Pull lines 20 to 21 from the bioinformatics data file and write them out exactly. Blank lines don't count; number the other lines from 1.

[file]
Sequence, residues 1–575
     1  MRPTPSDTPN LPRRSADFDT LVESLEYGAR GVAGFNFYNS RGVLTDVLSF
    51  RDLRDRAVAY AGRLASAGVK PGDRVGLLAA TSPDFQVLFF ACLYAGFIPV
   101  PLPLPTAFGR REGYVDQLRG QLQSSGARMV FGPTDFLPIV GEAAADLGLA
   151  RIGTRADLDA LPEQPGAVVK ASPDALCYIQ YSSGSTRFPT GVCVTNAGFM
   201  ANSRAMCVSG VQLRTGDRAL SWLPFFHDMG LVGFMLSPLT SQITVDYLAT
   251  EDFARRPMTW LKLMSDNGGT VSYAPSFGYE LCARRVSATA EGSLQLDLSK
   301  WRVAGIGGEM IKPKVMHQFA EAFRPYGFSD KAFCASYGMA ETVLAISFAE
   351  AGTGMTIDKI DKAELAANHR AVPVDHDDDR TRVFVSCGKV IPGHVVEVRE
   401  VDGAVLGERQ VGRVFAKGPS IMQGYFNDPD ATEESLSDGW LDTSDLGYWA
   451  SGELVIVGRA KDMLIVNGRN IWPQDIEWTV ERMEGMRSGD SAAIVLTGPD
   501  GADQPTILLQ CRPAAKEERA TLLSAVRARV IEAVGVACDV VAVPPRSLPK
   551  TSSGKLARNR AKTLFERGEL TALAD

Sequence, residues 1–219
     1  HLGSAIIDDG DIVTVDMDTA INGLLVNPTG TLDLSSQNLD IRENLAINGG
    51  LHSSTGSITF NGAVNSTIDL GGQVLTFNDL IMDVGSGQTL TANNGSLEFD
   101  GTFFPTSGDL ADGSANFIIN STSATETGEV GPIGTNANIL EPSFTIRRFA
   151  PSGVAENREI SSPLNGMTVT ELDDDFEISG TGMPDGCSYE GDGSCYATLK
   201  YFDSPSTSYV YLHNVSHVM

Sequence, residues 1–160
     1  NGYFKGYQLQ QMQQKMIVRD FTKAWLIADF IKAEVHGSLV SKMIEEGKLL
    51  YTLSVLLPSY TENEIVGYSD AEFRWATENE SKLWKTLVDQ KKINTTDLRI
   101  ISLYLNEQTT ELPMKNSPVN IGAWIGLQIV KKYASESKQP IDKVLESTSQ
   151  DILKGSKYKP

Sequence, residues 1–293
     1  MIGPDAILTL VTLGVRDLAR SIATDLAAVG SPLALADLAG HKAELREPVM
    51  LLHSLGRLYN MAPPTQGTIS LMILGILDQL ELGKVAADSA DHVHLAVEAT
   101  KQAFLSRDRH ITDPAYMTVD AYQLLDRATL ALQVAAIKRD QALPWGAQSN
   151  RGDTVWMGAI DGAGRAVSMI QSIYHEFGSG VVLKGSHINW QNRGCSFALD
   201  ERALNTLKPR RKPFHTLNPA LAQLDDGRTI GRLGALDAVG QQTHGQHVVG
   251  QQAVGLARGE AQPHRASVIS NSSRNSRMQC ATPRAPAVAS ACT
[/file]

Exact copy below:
Sequence, residues 1–160
     1  NGYFKGYQLQ QMQQKMIVRD FTKAWLIADF IKAEVHGSLV SKMIEEGKLL